Presented By
David Kieran, Columbus State University

Session Participants

Chair and Commentator: Jennifer Diane Keene, Chapman University
Jennifer D. Keene, Ph.D. is a professor of history and dean of the Wilkinson College of Arts, Humanities, and Social Sciences at Chapman University. Dr. Keene received her Ph.D. from Carnegie Mellon University, after completing her B.A. and M.A. at George Washington University. She is a specialist in war and society studies, and has written extensively on World War I. She served as an historical advisor to the World War I Centennial Commission, and as an historical consultant for numerous exhibits and films, including the PBS documentary mini-series, The Great War. Her books include Doughboys, the Great War and the Remaking of America (2001), World War I: The American Soldier Experience (2011), and The United States and the First World War, 2nd ed. (2022). She is also a general editor for the “1914-1918-online,” peer-reviewed online encyclopedia, http://www.1914-1918-online.net/, a major digital humanities project. A past-president of the Society for Military History, Dr. Keene recently received the Edward Simmons Award for long and distinguished service to the society.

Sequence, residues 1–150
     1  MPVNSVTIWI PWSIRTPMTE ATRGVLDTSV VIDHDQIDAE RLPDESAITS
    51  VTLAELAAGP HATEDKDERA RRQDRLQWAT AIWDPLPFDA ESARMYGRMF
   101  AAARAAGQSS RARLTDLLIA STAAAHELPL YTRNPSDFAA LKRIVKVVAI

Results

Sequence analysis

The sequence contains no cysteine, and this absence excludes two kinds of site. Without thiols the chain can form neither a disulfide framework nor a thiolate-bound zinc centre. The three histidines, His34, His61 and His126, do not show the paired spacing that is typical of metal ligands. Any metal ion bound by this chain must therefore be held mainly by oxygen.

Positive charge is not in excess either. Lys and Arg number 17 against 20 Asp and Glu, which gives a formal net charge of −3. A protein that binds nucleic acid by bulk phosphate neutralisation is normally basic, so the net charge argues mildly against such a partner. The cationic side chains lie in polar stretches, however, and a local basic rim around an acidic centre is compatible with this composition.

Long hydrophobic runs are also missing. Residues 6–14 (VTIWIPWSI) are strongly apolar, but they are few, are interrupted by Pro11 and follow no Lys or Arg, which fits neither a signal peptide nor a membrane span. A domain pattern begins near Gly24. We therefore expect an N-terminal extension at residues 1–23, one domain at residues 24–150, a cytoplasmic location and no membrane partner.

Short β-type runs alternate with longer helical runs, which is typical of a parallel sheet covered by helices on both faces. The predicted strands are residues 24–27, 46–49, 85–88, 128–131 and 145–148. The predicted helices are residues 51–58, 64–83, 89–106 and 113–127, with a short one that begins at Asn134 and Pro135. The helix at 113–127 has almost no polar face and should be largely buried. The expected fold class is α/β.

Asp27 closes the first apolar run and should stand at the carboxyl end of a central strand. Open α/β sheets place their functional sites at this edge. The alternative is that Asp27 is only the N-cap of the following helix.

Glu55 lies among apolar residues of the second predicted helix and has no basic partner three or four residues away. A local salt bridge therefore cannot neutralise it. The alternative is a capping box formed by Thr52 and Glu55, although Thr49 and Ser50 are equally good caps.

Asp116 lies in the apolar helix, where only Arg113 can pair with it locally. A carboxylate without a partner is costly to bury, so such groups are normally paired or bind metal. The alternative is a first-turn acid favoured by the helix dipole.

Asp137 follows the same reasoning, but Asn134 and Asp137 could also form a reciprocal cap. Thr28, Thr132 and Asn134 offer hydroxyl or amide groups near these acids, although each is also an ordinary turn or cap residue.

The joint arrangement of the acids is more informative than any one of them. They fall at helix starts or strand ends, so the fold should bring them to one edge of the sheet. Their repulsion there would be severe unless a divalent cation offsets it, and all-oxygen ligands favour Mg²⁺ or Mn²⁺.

Presenter: Amber Batura, Air Command and Staff College